Pakistan ‘leaks Rs10.2b every month’ due to Iranian diesel smuggling
The Iranian diesel smuggling was causing Rs10.2 billion per month of revenue loss to Pakistan, Business Recorder reported while quoting sources on Monday. They claimed that the smuggled fuel has replaced 40% of domestic diesel usage here.
Corruption and a failure to implement rules and regulations by authorities, particularly the Federal Board of Revenue, had “caused damage” to the tottering economy.
The authorised Oil Marketing Companies (OMCs) have confirmed a considerable decline in legal sales, according to the Oil Gas Regulatory Authority. Last year, average consumption was between 23,000 and 30,000 tonnes from March to June.
But the average sales of diesel fell to 15,000 tonnes by mid-February. Since then, the trend has remained downward, raising concerns about the “effectiveness” of the relevant authorities, particularly FBR.
Diesel sales decreased by more than 40% compared to the previous year, said the authority. The substantial price difference had a “significant negative impact” on the formal oil industry in Balochistan and other parts of the country.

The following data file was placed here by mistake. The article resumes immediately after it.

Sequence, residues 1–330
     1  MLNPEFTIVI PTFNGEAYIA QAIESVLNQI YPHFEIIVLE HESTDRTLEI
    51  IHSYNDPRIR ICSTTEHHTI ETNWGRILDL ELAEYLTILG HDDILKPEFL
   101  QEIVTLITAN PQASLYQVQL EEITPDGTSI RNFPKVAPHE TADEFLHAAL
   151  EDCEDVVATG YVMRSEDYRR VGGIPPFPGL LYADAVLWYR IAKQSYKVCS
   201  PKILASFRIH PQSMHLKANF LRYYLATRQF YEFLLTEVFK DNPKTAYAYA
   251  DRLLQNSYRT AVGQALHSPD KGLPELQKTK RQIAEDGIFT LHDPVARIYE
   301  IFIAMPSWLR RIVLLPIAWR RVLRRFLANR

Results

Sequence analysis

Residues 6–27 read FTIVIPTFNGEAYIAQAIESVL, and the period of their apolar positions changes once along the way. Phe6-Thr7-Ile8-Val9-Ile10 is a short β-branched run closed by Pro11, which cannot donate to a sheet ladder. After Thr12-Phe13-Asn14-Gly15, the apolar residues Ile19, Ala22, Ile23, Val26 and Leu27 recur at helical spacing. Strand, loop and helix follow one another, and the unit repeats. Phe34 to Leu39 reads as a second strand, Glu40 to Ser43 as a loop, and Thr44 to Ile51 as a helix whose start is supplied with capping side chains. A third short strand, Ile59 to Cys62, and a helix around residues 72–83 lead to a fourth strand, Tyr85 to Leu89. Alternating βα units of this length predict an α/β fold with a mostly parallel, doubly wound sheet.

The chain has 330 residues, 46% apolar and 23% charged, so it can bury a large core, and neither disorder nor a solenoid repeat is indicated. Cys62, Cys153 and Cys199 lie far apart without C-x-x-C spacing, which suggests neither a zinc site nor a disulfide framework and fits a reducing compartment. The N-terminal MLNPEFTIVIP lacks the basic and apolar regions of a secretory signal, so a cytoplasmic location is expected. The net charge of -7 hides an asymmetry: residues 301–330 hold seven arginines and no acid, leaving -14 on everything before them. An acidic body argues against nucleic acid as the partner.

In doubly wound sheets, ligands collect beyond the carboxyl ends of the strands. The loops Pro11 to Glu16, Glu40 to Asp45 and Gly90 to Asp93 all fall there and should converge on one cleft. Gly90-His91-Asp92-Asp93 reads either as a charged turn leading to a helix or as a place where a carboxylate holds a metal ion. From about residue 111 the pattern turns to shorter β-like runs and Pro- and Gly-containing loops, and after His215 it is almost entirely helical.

Ogra stated that the cross-border smuggling volumes are approximately 4,000 tons per day, which results in sales loss of about 120,000 tons per month or 143 million liters per month, causing an unprecedented revenue loss of Rs10.2 billion per month.
Moreover, a significant drop in the product upliftment from oil refineries was compelling them to reduce their production capacity. Local oil refineries were presently operating at 50% to 70% of the capacity, according to Ogra.
The oil industry was currently carrying diesel stocks of around “675,000 tons with coverage of about 44 days’ demand”.
Sources described the price differential between Iranian and domestically produced diesel as one of the “significant factors”. The subsidised Iranian fuel was prompting sellers to sell it in Pakistan at a lower price than domestically produced diesel.
Many believe that Pakistan has a complex tax structure that makes domestic diesel more expensive than smuggled Iranian diesel. They blamed the “porous border” and the “lack of effective border control measures” for smuggling.
The two countries share an over 900-kilometer border, which is difficult to patrol due to the rugged terrain, said sources.
Sources also blamed corruption and lack of enforcement of laws for the illegal trade. Pakistan’s fuel market was “highly regulated”, however, corrupt officials of customs and other departments have turned a blind eye to the smuggling, they added.
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